16 ways to use Pinterest for PR

It’s not just social media’s newest darling. It could be the public relations industry’s, too.

Yesterday I was invited to talk Pinterest for PR at the Public Relations Association of Louisiana in New Orleans.

When Abbie Fink asked me how it went, I said, “It’s really fun talking Pinterest with 30 PR girls (and three guys).”

Because, as we all know, I LOVE Pinterest!

Rather than talk to the room from slides, I had written down 16 ways to use Pinterest for PR and I walked around the room asking for examples for each.

I began the discussion by reminding everyone that using Pinterest is not a strategy. So I remind you of the same. These are fun ideas for using Pinterest at work (and feeding the addiction), but they should be used as part of a larger marketing or communication strategy.

I now give you those 16 tips.

1. Think visually first. Duh. It’s a site full of images. So, while I really do love Pinterest, if you can’t tell your story visually, it’s not the right place for you to spend time. An example we discussed yesterday is the Department of Transportation. While the group did come up with a few ideas its communications pro could use, all-in-all there isn’t much exciting about photos of asphalt.

2. Avoid blatant promotion. We like to see a nice balance between your own boards and boards that highlight others. For instance, for our client Frank and Eileen, we have boards for its women’s and men’s shirts, but we also have inspiration boards.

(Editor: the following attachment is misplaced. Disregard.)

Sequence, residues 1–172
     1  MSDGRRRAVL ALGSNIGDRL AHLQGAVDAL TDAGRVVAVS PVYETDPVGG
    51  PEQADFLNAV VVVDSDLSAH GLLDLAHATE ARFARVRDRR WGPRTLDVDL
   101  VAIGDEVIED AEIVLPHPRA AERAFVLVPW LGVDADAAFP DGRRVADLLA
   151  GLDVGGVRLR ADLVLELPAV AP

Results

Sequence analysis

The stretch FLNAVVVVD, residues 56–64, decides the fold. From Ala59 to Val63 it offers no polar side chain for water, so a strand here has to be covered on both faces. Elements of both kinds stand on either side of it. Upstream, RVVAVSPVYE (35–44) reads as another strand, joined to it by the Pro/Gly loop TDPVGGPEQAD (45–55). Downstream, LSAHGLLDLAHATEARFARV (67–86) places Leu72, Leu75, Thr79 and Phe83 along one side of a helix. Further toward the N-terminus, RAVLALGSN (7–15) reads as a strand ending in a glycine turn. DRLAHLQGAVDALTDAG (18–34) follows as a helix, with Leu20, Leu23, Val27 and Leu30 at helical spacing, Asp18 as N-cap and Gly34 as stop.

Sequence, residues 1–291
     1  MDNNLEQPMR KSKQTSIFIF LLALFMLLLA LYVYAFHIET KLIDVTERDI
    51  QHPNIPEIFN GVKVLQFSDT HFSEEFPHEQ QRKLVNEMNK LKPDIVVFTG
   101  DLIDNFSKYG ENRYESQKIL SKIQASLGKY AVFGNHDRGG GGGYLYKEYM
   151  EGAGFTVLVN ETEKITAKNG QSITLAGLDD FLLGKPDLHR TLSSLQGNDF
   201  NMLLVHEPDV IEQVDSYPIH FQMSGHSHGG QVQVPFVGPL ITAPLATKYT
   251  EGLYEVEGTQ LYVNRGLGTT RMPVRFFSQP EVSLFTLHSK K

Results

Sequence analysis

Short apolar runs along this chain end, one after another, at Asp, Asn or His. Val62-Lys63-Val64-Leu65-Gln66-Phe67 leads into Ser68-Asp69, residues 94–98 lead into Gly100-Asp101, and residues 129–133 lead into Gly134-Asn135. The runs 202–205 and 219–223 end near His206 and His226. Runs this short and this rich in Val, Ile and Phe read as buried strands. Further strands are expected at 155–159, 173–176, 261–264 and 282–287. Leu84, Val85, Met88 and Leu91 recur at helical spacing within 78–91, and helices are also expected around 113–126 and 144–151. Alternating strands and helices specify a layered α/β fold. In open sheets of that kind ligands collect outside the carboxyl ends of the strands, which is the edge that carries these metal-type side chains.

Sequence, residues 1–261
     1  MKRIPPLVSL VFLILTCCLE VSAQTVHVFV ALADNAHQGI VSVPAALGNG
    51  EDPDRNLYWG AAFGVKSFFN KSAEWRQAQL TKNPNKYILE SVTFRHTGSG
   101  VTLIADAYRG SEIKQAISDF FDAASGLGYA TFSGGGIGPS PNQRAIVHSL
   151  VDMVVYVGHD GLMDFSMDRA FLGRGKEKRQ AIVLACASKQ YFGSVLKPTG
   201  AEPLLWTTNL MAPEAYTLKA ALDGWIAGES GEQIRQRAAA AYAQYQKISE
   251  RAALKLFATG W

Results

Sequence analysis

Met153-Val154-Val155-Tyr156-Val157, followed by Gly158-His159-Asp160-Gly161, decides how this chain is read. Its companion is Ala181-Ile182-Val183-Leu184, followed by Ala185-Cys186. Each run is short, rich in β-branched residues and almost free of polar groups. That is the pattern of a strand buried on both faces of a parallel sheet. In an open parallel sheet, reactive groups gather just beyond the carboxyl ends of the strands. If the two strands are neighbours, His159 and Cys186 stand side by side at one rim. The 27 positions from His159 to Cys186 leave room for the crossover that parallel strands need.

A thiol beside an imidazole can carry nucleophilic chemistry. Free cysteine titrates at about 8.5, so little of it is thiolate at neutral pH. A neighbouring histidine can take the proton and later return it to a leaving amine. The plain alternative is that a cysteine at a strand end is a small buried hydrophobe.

3. Provide visual customer stories. We’re storytellers, which means we also need to know how to tell our story visually. The Chicago Bears do a nice job of this because the team not only gives you things to buy (clothes, merchandise), but also it tells a story of its history through photos.

4. Pin interesting things happening in your industry. And invite others to contribute to that board. I am a contributor to a social media board and also to Meta Pinterest – Insights & Resources. This enables you to keep up on trends, statistics, and resources without doing all of the work yourself.

5. Think about your events, publicity stunts, and news conferences. About 10 years ago, I was in New Orleans for the first time. We were launching Over ‘n Out Fire Ant Killer. In order to tell a story and drive interest from TV stations, we created a New Orleans style funeral, complete with a singing minister and mourners, for the fire ant. I did a search and found some images so I may still pin them—10 years later!

6. Pin videos. Most people do not know this, but you can pin videos. I started a Facebook question of the week board, just to see what would happen to views if I did. Turns out, a good number of people (in the top 10) come to our YouTube channel from Pinterest.

7. Put the “pin it” button on all of your Web properties. I need to take this advice myself. I use Chrome so I have the “pin it” bookmarklet in my toolbar. Because it’s so easily accessible for me, I forget not everyone has the same. Just do it.